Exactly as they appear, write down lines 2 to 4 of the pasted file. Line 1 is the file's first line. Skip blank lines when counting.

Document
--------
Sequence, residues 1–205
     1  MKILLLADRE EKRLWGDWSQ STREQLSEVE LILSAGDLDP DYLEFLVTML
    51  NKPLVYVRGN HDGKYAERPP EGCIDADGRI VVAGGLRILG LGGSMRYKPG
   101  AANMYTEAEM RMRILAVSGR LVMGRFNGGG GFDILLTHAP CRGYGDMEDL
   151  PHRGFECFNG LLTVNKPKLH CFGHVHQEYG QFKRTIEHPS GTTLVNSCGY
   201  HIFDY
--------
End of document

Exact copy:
     1  MKILLLADRE EKRLWGDWSQ STREQLSEVE LILSAGDLDP DYLEFLVTML
    51  NKPLVYVRGN HDGKYAERPP EGCIDADGRI VVAGGLRILG LGGSMRYKPG
   101  AANMYTEAEM RMRILAVSGR LVMGRFNGGG GFDILLTHAP CRGYGDMEDL